European Film Awards: The gloriously eccentric Euro-Oscars
The big winner, Cold War, will barely scrape an Academy Award nomination
Director Armando Iannucci poses with the Best European Comedy award for ‘The Death of Stalin’. Photograph: Cristina Quicler/AFP/Getty Images
The European Film Awards and the Oscars are the same sorts of things. They hand out shiny statuettes to films and to the people who make them. Those films and those people are often the same.
There won’t be much crossover this year – not least because English-language films didn’t figure much. The big winner in Seville, Pawel Pawlikowski’s Cold War, which took five European Film Awards including best film, will struggle to secure more than a nomination for best foreign language picture at the other awards. But films such as Lenny Abrahamson’s Room and Tom Hooper’s The King’s Speech have figured at both.
The ceremonies are, however, very different in texture. The Oscars are slick and bland. The wandering European Film Awards, which landed this year in Seville, are gloriously, triumphantly eccentric. Even the clunky moments are delightful.
The entire set up was geared towards the peculiar. There is occasionally an inclination towards the weird jokes that cause lost-in-translational groans at the Eurovision Song Contest, but the sense of a “high concept” binds the show together (even if that concept is hard to fully grasp).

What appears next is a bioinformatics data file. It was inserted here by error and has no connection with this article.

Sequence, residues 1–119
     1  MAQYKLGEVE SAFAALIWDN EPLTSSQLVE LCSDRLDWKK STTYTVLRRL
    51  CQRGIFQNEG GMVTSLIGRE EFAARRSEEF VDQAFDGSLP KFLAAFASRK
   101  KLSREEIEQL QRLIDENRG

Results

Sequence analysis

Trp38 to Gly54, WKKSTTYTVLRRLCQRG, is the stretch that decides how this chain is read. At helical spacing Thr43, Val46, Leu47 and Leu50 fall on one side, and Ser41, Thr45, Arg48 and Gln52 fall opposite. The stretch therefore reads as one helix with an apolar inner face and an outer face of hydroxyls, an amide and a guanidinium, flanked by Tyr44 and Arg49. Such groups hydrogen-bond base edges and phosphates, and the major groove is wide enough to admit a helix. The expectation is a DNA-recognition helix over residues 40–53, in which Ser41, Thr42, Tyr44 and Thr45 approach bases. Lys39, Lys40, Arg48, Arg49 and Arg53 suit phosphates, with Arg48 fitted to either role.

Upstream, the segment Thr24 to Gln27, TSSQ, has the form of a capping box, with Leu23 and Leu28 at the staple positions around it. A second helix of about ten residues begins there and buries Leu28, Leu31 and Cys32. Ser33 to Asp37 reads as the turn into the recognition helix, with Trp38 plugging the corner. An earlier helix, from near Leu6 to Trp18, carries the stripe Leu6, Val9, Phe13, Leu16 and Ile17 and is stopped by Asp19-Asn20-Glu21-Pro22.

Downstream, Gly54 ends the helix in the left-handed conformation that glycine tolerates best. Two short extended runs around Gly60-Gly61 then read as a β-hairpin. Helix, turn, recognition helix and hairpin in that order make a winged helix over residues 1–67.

“Tonight we want to take you all out on the town,” Rossy de Palma, the actor best known for work with Pedro Almodóvar, told us. “We are meeting on stage with a bar and the group and the dancers.”
She wasn’t kidding. A rotating body of hosts (something the Oscars may return to this year) sat at a functioning bar while a band played a rollicking mix of flamenco and jazz. The sound of clattering heels could be heard during announcements. At least one winner joined the presenters for a snort on stage.
It’s hard to select the oddest moment. The lengthy skit about the importance of beards in the acting profession was certainly one. The Russian actor pretending (I think) to fly into rage at the fact that too many Polish actors were asked to play his countrymen was another.
Then there was the pregnant presenter who, right after opening the envelope, trotted back to slug a drink and then say: “Ha ha! It’s only water.”
The actor Tom Wlaschiha quipped: “We Germans are always careful with our right arms.” Really? Is that okay?
For Oscar regulars, however, the most startling aspect will surely have been the inclusion of at least three, apparently scripted uses of the F-word on stage. The Academy would be as likely to recommend mass murder (or feeding pints to pregnant ladies). This was all being broadcast live in English from 7pm Spanish time.
Remember when we thought they did things differently “on the continent”? Maybe they still do.
The people who used to say “on the continent” were the same people who voted for Brexit and that unhappy saga ran through the ceremony like a message through the Brighton rock that Barmy Brussels Bureaucrats have probably banned for being too bendy (or something). There was much, vague, nudge-nudge discussion of a “divided” Europe that cinema could maybe help to bring together.
There was some more risky material from presenters such as de Palma. “Even if you are having problems, if you feel lonely, it’s important to talk,” she said. “We must be there for each other. Right? We need the feedback. I am not going to talk about it. It rhymes with ‘sexit’. Half of Europe is having a bad day with a lover. Then he cannot even take off his tight underpants.”
You what now?
The actor Amira Casar, who spent time in Ireland as a child, was more apocalyptic. “As a child of Europe, being brought up between France, England, Ireland, Wales... My Europe felt harmonious, united. Based on a solid cultural heritage,” she said. “But sadly, our Europe today, is increasingly resembling the disastrous, divided Europe of the 1930s.”